Author: Henry David Thoreau (---.spacegate.com.ua)
Date: 01-24-06 10:44
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Farewell! thou art too dear for my possessing,
And like enough thou know\'st thy estimate,
The charter of thy worth gives thee releasing;
My bonds in thee are all determinate.
For how do I hold thee but by thy granting?
And for that riches where is my deserving?
The cause of this fair gift in me is wanting,
And so my patent back again is swerving.
Thy self thou gav\'st, thy own worth then not knowing,
Or me to whom thou gav\'st it, else mistaking;
So thy great gift, upon misprision growing,
Comes home again, on better judgement making.
Thus have I had thee, as a dream doth flatter,
In sleep a king, but waking no such matter.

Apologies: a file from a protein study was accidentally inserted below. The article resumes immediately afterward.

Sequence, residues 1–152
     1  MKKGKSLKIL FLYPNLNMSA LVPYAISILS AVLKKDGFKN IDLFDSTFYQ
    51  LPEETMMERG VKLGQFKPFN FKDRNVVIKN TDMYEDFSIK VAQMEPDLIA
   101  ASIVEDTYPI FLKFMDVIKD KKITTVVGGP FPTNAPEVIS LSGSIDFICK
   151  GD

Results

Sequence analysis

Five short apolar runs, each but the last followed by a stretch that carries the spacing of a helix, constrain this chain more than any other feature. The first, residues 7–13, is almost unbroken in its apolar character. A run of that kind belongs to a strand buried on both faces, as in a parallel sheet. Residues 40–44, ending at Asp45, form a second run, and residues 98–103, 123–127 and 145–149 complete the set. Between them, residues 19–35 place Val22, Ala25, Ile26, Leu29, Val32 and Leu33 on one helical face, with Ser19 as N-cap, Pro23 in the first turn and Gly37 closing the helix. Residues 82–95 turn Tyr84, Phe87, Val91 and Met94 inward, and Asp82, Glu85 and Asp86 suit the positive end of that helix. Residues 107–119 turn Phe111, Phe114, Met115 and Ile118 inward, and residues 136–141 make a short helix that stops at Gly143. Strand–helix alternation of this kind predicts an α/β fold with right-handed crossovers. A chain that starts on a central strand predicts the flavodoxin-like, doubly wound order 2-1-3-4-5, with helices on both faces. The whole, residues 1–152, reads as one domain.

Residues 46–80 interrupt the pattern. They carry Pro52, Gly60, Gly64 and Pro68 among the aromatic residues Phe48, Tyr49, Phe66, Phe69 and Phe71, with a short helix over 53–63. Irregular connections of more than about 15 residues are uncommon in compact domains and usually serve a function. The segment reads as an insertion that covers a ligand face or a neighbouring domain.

That time of year thou mayst in me behold
When yellow leaves, or none, or few, do hang
Upon those boughs which shake against the cold,
Bare ruin\'d choirs, where late the sweet birds sang.
In me thou see\'st the twilight of such day
As after sunset fadeth in the west;
Which by and by black night doth take away,
Death\'s second self, that seals up all in rest.
In me thou see\'st the glowing of such fire,
That on the ashes of his youth doth lie,
As the death-bed, whereon it must expire,
Consum\'d with that which it was nourish\'d by.
This thou perceiv\'st, which makes thy love more strong,
To love that well, which thou must leave ere long.
All art is but imitation of nature.
It is best, it seems to me, to separate one\'s inner striving from one\'s
trade as far as possible. It is not good when one\'s daily break is tied to
God\'s special blessing. -- Albert Einstein